Popular Science Monthly/Volume 26/December 1884/American Aspects of Anthropology

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AMERICAN ASPECTS OF ANTHROPOLOGY.[1]
By EDWARD B. TYLOR, D. C. L., F. R. S.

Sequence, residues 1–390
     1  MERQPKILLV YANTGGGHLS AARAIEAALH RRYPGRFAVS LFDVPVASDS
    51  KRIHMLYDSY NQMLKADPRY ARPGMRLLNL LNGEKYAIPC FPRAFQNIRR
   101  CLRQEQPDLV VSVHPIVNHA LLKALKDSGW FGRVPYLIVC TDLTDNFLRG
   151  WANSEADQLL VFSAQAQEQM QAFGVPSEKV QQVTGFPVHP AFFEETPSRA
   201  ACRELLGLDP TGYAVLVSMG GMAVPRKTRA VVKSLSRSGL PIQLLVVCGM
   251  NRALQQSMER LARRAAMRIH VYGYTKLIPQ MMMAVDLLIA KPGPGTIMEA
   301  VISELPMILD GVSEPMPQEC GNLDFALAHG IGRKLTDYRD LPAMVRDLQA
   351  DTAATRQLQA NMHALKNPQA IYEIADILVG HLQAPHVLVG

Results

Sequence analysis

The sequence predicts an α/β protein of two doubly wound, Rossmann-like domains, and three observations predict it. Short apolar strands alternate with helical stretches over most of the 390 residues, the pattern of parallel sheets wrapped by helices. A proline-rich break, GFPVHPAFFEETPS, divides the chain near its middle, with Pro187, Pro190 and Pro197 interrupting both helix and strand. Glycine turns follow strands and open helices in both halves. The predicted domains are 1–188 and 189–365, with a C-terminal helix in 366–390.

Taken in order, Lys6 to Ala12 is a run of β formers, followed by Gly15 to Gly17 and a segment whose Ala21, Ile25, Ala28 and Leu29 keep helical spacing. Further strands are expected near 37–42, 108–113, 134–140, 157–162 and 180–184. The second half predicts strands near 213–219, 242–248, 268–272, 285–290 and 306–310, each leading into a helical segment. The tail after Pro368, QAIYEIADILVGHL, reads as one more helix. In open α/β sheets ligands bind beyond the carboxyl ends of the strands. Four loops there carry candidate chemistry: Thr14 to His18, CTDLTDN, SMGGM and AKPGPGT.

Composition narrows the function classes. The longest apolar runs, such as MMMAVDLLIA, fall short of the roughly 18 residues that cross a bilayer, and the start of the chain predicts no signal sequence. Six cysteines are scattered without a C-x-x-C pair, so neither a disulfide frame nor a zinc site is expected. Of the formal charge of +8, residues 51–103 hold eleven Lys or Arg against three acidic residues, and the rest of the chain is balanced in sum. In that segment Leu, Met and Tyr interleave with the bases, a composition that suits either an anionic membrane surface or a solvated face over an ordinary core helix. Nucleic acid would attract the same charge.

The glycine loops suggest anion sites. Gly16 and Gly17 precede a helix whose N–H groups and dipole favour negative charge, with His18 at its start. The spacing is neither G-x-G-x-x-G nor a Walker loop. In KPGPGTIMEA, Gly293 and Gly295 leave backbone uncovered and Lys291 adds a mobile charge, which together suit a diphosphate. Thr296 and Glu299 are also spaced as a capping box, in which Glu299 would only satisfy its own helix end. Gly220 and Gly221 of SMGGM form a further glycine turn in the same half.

OUR newly-constituted Section of Anthropology, now promoted from the lower rank of a Department of Biology, holds its first meeting under remarkable circumstances. Here in America one of the great problems of race and civilization comes into closer view than in Europe. In England anthropologists infer from stone arrow-heads and hatchet-blades, laid up in burial-mounds or scattered over the sites of vanished villages, that Stone age tribes once dwelt in the land; but what they were like in feature and complexion, what languages they spoke, what social laws and religion they lived under, are questions where speculation has but little guidance from fact. It is very different when under our feet in Montreal are found relics of a people who formerly dwelt here. Stone age people, as their implements show, though not unskilled in barbaric arts, as is seen by the ornamentation of their earthen pots and tobacco-pipes, made familiar by the publications of Principal Dawson. As we all know, the record of Jacques Cartier, published in the sixteenth-century collection of Ramusio, proves by text and drawing that here stood the famous palisaded town of Hochelaga. Its inhabitants, as his vocabulary shows, belonged to the group of tribes whose word for five is wisk—that is to say, they were of the Iroquois stock. Much as Canada has changed since then, we can still study among the settled Iroquois the type of a race lately in the Stone age, still trace remnants and records of their peculiar social institutions, and still hear spoken their language of strange vocabulary and unfamiliar structure. Peculiar importance is given to Canadian anthropology by the presence of such local American types of man, representatives of a stage of culture long passed away in Europe. Nor does this by any means oust from the Canadian mind the interest of the ordinary problems of European anthropology. The complex succession of races which makes up the pedigree of the modern Englishman and Frenchman, where the descendants perhaps of palæolithic, and certainly of neolithic, man have blended with invading Keltic, Roman, Teutonic-Scandinavian peoples—all this is the inheritance of settlers in America as much as of their kinsfolk who have staid in Europe. In the present scientific visit of the Old to the New World, I propose to touch on some prominent questions of anthropology with special reference to their American aspects. Inasmuch as in an introductory address the practice of the Association tends to make arguments unanswerable, it will be desirable for me to suggest rather than to dogmatize, leaving the detailed treatment of the topics raised to come in the more specialized papers and discussions which form the current business of the section.